It was 22 years ago this month. A couple from California was visiting Las Vegas. They walked near a union picket line in front of the then-Frontier Hotel. Crazed picketers launched into a verbal assault on the couple. When the woman took offense, she was punched in the face. When her husband came to her defense, he had a beer mug smashed across his skull.
At the time, Metro called the incident a “beating.”
Union goons called it “free speech.”
I remember that strike vividly, as I operated a delivery service on the Strip at the time and experienced similar taunting and intimidation tactics by union thugs — though, thankfully, absent the actual beating.
Some labor unions, to this day, conduct similar “protests” against Nevada businesses that won’t bow to their will and succumb to their demands. Threats are made. Fightin’ words are hurled at customers. Property is damaged. Business and traffic is ground to a halt as chanting, zombielike picketers clog public sidewalks and streets.
All in the name of the union’s free speech rights.
But it is a generally accepted concept in this country that one person’s rights end where another person’s begin. And free speech can be constitutionally limited. As we all know, you can’t yell fire in a crowded theater unless there’s actually a fire.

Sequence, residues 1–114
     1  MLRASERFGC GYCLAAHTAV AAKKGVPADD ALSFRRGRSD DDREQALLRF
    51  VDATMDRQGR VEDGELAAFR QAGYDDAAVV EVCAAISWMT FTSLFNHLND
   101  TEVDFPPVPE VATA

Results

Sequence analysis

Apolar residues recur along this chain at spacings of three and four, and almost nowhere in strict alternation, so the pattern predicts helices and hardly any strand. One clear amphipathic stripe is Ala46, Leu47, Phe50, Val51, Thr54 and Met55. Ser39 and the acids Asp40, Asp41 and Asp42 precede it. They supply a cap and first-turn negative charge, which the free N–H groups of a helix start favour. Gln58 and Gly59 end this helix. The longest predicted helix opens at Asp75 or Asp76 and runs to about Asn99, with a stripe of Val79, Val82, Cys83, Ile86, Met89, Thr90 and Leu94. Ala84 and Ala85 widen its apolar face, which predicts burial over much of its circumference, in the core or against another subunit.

To that end, Assemblywoman Michele Fiore, R-Las Vegas, has introduced a bill (AB356) that, while preserving a union member’s free speech rights, imposes consequences on goofs and goons when they go too far in “mass picketing.”
In testimony introducing the bill, Fiore explained that AB356 “disallows a person from damaging, injuring, harming, threatening, or maliciously disrupting the lawful conduct of a business.” It also “specifically does not allow for disrupting traffic or using the public right of way to interfere with a business.”
Additionally, the bill “would not allow threatening language to be used against customers that are entering a business” or “allow the demonstrators to abuse customers that are entering a business that is being demonstrated against.”
And since law enforcement traditionally uses the ol’ catch- and-release method for dealing with such tactics — and refuses to curb speech designed “to intimidate, bully or threaten a customer of a business,” destroys property, and/or blocks traffic — AB356 would allow businesses to sue in civil court those individuals who go too far.
While AB356 would clearly act as a curb to many of the more outrageous intimidation tactics of organized labor, it just as clearly would apply to other groups, as well , such as the Occupy Wall Street gadflies who did significant property damage during their protests a couple years ago.
Fiore’s “Goofs and Goons” deterrent bill is long overdue, much needed, and constitutionally permissible. So let it be written; so let it be done.
Chuck Muth is president of Citizen Outreach, a conservative grass roots advocacy organization. He can be reached at www.muthstruths.com.